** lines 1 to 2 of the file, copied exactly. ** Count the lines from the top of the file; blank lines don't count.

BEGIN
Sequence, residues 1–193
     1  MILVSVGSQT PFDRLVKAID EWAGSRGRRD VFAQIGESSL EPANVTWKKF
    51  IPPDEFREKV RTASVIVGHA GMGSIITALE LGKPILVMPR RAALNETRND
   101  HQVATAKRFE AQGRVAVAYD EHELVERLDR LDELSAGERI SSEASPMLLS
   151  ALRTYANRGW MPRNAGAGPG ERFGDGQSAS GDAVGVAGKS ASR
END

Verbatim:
Sequence, residues 1–193
     1  MILVSVGSQT PFDRLVKAID EWAGSRGRRD VFAQIGESSL EPANVTWKKF